"University Challenge" ran in New Zealand for 14 seasons, from 1976 until 1989, with international series held between the previous years' British and New Zealand champions in both 1986 and 1987.
"University Challenge", hosted by Dr. Magnus Clarke, ran in Australia on the Australian Broadcasting Corporation's channel from 1987 until 1989.
"University Challenge India" started in summer 2003, with the season culminating in the finals of March 2004 where
Sardar Patel College of Engineering(SPCE), Bombay, beat Indian School of Business(ISB), Hyderabad. The 2004–2005 season finale saw a team of undergraduate engineering students from Netaji Subhas Institute of Technology(NSIT), Delhi, beat a team of management students from the Indian Institute of Management Kozhikode. The Indian winners of the 2003–2004 season went on to beat the finalists from the UK show, Gonville and Caius College, Cambridge. UC India is produced by BBC WorldIndia, and Synergy Communications, co-owned by Siddhartha Basu, who also hosts the show.
The show has seen numerous specials, including those for specific professions and celebrity editions, such as "Universe Challenge", where the cast of "
Red Dwarf" challenged a team of their "ultimate fans" to celebrate "Red Dwarf"'s 10th anniversary on the air. The cast was Chris Barrie(captain), Danny John-Jules, Robert Llewellyn, Chloë Annettand Craig Charles. The cast, who at times seemed amazed at the fans' knowledge, lost.
In addition to the various colleges of Oxford and Cambridge, the only universities to have won University Challenge more than once have been Durham, Sussex, London and the Open University.
Some information from this table was obtained from the web pages listed in cite web|title=Special Series|url=http://www.blanchflower.org/uc/results.html|publisher=Sean Blanchflower|accessdate=2008-02-26
In popular culture
*David Nicholls' novel "Starter for Ten" (2003) was based around one student's part in a "University Challenge" team whilst at the
University of Bristol(based on Nicholls' own "alma mater"). The title was, of course, taken from the programme's catchphrase. The novel was adapted into the 2006 film "Starter for 10", (released on 10 November in the UK). Mark Gatissplayed Bamber Gascoigne.
*In 1984, an episode of "The Young Ones", entitled "Bambi", centred around a spoof of "University Challenge" with a match between the fictitious teams of Scumbag College and Footlights College, Oxbridge. The Scumbag College team, in the episode's University Challenge studio were physically above the other team. The Footlights team included Stephen Fry who participated in the real competition in 1980.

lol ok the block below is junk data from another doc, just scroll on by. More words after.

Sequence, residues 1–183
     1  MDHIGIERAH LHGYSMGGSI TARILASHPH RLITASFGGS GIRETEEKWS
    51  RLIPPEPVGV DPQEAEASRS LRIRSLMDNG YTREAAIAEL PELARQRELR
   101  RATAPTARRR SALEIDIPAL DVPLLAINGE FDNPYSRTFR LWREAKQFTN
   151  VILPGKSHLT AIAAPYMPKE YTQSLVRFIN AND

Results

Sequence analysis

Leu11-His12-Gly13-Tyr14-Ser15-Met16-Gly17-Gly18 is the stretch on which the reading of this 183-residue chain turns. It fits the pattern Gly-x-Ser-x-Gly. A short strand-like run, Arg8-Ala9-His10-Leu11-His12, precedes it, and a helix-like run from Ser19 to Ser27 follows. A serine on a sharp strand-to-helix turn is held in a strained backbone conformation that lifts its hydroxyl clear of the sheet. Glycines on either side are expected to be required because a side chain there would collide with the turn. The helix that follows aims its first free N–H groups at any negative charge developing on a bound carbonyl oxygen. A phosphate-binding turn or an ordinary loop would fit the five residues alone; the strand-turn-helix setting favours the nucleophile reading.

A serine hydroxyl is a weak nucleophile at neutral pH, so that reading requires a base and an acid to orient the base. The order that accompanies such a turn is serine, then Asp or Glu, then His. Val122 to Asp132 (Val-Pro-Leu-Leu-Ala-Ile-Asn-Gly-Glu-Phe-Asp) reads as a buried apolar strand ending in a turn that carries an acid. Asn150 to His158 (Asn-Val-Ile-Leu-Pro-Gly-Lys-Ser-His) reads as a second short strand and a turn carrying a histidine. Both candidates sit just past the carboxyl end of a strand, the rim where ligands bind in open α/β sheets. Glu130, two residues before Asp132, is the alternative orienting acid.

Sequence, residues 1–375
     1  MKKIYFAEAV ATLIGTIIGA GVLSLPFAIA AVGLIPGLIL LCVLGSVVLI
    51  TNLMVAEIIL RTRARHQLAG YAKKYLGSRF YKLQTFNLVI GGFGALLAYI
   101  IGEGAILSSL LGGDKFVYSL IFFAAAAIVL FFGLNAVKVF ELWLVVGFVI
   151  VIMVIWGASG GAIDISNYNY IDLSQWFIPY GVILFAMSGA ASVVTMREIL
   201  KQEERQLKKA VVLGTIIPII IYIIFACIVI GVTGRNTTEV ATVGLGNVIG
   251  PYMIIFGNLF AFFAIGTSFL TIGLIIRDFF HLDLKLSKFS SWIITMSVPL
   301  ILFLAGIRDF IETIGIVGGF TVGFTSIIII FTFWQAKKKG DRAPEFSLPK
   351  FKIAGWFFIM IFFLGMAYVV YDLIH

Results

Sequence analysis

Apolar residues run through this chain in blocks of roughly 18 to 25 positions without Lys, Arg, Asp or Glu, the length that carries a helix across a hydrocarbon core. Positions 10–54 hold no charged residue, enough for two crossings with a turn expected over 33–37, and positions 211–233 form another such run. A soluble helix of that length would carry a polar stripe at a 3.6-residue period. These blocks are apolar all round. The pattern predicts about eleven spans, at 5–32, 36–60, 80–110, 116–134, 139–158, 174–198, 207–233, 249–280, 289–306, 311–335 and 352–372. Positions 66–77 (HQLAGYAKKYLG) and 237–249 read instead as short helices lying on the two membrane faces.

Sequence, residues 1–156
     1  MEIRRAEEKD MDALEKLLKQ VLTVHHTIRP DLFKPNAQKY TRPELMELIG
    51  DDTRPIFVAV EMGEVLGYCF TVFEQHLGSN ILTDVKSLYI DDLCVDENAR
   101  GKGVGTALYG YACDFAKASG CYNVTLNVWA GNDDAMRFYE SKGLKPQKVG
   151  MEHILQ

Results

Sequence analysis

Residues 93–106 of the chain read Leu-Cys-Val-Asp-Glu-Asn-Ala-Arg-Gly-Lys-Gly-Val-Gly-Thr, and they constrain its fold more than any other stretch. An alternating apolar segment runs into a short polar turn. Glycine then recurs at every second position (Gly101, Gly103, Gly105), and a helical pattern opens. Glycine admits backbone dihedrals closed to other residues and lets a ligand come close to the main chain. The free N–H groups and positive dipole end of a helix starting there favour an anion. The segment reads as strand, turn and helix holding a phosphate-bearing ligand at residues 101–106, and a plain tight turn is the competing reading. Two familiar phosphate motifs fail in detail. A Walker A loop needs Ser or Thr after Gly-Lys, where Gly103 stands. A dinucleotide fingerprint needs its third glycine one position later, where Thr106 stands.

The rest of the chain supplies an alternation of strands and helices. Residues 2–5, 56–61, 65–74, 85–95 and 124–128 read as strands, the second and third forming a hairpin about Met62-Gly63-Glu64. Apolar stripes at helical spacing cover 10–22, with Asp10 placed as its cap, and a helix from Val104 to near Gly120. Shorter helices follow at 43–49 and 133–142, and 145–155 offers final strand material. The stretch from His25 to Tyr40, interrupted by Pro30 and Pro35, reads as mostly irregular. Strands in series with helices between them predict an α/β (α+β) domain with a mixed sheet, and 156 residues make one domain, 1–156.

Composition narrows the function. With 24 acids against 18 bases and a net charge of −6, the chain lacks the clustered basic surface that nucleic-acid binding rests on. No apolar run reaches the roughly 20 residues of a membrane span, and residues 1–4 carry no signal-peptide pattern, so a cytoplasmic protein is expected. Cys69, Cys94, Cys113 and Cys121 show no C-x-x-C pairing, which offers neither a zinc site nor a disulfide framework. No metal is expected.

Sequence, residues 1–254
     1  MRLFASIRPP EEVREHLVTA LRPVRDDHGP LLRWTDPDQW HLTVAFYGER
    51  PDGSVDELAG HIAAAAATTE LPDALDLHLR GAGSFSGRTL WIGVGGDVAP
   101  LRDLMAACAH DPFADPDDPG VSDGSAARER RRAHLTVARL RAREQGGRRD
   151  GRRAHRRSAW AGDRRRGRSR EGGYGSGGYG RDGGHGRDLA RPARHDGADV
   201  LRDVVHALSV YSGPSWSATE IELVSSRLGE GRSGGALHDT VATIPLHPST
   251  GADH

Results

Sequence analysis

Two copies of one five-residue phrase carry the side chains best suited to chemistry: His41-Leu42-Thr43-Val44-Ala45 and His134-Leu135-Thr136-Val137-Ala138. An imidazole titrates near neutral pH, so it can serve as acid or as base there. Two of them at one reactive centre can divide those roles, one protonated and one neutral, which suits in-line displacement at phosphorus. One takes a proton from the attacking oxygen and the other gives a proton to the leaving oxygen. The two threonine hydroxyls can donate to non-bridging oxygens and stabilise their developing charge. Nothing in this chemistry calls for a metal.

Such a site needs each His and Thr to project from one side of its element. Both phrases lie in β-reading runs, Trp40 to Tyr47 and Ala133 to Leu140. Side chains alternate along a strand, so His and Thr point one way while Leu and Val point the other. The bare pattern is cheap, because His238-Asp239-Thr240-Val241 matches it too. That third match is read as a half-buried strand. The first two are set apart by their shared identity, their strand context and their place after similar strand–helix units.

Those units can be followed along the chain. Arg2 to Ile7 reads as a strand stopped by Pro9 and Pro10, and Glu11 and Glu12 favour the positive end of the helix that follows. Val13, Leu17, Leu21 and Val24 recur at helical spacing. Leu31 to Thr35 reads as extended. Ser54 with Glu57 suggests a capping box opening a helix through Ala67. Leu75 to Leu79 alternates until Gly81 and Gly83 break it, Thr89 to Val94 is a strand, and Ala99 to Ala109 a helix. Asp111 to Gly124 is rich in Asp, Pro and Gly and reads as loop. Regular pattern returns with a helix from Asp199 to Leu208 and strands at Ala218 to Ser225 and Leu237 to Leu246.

*The song "My Perfect Cousin" by
The Undertonescontains the couplet "He thinks that I'm a cabbage/'Cos I hate University Challenge." It appears on the album " Hypnotised".
*A quiz themed around BBC
science fiction situation comedy"Red Dwarf", broadcast in 1998, was entitled "Universe Challenge". It opened as if it were a regular episode, but with Chris Barrie imitating Jeremy Paxman. Bamber comes from behind with a blaster gun and blows him out of the chair, so he can host. This was Bamber Gascoigne's last appearance as host.
*In a list of the
100 Greatest British Television Programmesdrawn up by the British Film Institutein 2000, voted for by industry professionals, "University Challenge" was placed 34th.
Not the Nine O'Clock News" featured a spoof of "University Challenge", pitting contestants from Parkhurst Prisonand Wormwood Scrubsagainst each other. After convict Stephenson, played by Mel Smith, answered the first question, a policeman popped up from behind the counter to take notes, next to Griff Rhys Jones, imitating Bamber Gascoigne.Fact|date=July 2007
University Challenge 2009
* [http://www.blanchflower.org/uc/ Sean Blanchflower's "University Challenge" pages]
* [http://www.ukgameshows.com/index.php/University_Challenge "University Challenge" at UKGameshows.com]
* [http://www.agmcbride.com/uci "University Challenge" India] – a tribute
* [http://www.tv-ark.org.uk/gameshows/gameshows_s-z.html TV Ark: Gameshows S-Z] – features a
RealAudiointro from a 1996 show
* [http://www2.warwick.ac.uk/newsandevents/audio/nonpodcast/uni_challenge.mp3 Interview with the winning 2007 University of Warwick team]